Artist Chris Burden built "Metropolis II", a representation of road traffic in Los Angeles. It shows 1,200 toy cars moving along 18 lanes:
Two years ago he created a 65-foot Erector Set skyscraper that stood in Rockefeller Center, and in 2004 he made “Metropolis I,” composed of 80 Hot Wheels toy cars zooming around two single-lane highways along with monorail trains chugging on tracks of their own. The piece was snapped up by the 21st Century Museum of Contemporary Art in Kanazawa, Japan.
“I was happy with ‘Metropolis I,’ but it kind of disappeared once it went to western Japan,” Mr. Burden said in a telephone interview from his studio in Topanga Canyon in Los Angeles County. So in 2006 he and a team of eight studio assistants, including an engineer, began “Metropolis II,” a far more ambitious version. It includes 1,200 custom-designed cars and 18 lanes; 13 toy trains and tracks; and, dotting the landscape, buildings made of wood block, tiles, Legos and Lincoln Logs. The crew is still at work on the installation.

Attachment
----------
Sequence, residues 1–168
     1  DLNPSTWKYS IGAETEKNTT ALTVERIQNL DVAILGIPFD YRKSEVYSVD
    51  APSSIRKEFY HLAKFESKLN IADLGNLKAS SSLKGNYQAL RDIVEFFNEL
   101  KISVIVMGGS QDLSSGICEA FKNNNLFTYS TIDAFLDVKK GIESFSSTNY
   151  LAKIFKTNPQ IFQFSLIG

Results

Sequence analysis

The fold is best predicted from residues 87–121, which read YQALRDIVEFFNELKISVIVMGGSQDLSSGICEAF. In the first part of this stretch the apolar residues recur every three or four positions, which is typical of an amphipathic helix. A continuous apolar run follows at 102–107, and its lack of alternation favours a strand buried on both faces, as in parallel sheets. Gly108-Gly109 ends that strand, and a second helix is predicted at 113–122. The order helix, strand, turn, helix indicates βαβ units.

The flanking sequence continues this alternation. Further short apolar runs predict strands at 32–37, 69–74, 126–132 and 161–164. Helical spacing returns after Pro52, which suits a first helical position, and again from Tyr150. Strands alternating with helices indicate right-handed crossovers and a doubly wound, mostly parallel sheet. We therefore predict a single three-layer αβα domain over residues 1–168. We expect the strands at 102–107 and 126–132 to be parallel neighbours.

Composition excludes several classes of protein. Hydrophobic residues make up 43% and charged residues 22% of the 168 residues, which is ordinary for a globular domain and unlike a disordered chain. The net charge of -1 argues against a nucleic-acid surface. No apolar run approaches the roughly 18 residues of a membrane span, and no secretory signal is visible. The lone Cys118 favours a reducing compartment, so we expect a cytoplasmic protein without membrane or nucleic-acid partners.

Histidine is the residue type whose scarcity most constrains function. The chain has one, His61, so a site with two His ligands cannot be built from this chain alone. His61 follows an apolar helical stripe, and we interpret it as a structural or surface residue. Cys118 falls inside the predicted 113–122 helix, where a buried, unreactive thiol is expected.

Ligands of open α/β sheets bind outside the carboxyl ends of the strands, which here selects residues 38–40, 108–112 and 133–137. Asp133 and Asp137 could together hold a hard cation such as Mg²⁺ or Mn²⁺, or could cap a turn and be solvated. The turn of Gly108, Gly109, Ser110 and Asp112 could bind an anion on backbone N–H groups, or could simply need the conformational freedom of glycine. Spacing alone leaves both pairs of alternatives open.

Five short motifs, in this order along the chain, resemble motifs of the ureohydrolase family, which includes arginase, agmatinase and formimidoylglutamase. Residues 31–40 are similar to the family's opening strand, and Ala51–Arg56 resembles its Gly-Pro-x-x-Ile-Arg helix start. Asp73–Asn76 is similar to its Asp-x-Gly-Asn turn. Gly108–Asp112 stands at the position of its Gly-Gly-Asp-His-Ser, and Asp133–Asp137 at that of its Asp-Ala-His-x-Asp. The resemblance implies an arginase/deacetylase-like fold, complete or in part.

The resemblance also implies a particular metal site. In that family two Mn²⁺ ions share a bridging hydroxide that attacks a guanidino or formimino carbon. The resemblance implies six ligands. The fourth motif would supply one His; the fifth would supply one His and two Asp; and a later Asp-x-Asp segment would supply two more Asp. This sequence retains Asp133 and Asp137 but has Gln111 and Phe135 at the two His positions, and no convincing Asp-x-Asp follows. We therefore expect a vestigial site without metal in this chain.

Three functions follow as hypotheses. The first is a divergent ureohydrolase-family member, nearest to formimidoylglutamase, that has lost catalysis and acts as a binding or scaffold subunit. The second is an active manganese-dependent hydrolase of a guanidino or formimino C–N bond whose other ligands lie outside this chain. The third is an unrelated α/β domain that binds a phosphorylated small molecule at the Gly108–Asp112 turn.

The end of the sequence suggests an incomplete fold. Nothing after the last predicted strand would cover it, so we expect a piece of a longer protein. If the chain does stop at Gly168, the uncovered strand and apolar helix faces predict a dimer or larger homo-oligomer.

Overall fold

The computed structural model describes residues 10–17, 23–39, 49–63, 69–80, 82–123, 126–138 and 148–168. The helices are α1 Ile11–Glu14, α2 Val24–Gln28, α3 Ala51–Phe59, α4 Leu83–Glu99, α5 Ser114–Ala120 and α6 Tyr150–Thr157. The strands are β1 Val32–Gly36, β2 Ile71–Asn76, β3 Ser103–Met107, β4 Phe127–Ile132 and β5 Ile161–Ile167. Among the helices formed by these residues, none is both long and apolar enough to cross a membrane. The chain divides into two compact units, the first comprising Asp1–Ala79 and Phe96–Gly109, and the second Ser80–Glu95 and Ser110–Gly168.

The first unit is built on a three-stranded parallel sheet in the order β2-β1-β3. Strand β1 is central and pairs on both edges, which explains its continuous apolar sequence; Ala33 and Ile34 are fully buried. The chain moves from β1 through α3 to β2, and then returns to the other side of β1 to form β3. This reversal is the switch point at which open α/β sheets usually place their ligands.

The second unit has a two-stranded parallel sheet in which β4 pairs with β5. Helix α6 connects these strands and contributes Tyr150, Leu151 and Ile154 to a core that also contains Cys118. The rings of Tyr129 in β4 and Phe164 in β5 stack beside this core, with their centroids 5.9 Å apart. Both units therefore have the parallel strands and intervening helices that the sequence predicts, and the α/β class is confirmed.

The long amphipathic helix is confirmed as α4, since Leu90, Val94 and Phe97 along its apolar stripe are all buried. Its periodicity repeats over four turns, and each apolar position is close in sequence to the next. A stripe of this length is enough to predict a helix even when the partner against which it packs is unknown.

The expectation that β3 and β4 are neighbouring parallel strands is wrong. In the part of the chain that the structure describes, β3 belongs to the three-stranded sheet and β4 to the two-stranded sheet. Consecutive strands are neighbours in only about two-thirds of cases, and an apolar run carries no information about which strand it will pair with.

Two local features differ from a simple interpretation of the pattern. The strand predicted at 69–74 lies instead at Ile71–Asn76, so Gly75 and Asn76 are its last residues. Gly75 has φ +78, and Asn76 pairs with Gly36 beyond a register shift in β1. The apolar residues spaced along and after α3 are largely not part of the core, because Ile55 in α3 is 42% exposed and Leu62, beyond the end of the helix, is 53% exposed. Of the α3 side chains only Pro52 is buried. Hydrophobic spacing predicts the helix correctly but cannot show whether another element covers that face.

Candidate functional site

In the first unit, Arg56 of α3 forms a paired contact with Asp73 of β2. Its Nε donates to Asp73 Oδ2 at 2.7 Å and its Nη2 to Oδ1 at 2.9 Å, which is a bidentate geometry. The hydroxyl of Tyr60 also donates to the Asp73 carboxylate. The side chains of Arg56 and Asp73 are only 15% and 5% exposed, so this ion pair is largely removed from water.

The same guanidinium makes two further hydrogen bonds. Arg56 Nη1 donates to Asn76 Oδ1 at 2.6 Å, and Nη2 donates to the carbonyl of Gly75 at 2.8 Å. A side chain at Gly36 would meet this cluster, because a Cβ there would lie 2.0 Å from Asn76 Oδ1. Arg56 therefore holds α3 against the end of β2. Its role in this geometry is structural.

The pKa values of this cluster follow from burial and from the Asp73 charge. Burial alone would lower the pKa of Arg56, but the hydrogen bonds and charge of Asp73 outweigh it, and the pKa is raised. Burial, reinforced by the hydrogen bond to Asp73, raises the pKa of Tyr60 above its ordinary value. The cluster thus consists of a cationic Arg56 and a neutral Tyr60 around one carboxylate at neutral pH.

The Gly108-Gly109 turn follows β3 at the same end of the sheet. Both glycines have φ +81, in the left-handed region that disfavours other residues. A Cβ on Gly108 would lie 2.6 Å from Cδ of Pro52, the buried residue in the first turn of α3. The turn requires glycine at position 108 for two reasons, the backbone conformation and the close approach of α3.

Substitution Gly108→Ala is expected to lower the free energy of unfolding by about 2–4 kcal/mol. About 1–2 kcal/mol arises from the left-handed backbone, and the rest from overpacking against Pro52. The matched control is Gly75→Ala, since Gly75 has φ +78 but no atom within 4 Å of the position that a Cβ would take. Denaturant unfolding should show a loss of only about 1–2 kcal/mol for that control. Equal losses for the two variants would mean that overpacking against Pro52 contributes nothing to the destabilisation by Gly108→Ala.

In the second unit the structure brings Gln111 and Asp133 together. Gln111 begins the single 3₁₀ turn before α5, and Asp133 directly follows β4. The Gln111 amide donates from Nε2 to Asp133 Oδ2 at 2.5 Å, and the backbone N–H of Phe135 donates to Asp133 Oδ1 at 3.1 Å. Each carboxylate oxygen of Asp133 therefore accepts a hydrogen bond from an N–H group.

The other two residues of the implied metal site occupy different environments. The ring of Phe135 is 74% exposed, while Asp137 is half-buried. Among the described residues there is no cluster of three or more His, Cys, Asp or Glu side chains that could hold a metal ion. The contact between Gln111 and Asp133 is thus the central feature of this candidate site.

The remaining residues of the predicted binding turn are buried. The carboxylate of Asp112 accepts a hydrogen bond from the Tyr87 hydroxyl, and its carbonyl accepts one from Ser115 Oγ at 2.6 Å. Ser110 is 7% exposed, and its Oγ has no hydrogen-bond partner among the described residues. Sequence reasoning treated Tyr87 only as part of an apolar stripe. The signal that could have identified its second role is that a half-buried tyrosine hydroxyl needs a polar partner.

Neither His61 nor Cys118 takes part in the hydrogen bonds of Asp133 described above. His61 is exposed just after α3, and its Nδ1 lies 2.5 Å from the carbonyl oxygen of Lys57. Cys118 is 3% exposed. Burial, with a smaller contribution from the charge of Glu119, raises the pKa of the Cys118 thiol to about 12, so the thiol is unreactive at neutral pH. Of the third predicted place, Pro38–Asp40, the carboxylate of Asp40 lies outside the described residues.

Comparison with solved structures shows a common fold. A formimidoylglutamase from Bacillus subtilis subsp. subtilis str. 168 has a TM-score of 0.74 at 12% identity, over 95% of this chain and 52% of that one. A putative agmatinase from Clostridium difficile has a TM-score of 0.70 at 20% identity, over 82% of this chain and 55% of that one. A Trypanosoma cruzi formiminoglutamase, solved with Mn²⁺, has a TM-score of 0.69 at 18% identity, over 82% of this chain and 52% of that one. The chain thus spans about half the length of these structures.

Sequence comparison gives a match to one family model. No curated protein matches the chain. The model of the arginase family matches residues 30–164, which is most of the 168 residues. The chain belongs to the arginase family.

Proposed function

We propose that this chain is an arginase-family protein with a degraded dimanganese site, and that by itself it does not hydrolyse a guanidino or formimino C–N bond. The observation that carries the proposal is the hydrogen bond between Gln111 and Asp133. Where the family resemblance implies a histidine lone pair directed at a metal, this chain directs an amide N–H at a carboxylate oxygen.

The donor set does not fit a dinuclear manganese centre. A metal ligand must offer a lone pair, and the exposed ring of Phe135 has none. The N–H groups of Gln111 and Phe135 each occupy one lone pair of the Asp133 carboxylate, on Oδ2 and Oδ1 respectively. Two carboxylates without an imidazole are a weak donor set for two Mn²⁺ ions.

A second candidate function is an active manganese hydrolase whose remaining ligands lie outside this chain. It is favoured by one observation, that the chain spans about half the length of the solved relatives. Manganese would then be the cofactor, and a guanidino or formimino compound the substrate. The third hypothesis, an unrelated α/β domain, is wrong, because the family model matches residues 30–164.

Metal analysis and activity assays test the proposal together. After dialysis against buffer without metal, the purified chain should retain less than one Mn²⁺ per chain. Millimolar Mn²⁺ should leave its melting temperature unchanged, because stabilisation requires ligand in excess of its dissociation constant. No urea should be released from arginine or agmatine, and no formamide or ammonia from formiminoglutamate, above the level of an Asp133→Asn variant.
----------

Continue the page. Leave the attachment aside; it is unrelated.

In "Metropolis II," by his calculation, “every hour 100,000 cars circulate through the city,” Mr. Burden said. “It has an audio quality to it. When you have 1,200 cars circulating it mimics a real freeway. It’s quite intense.”
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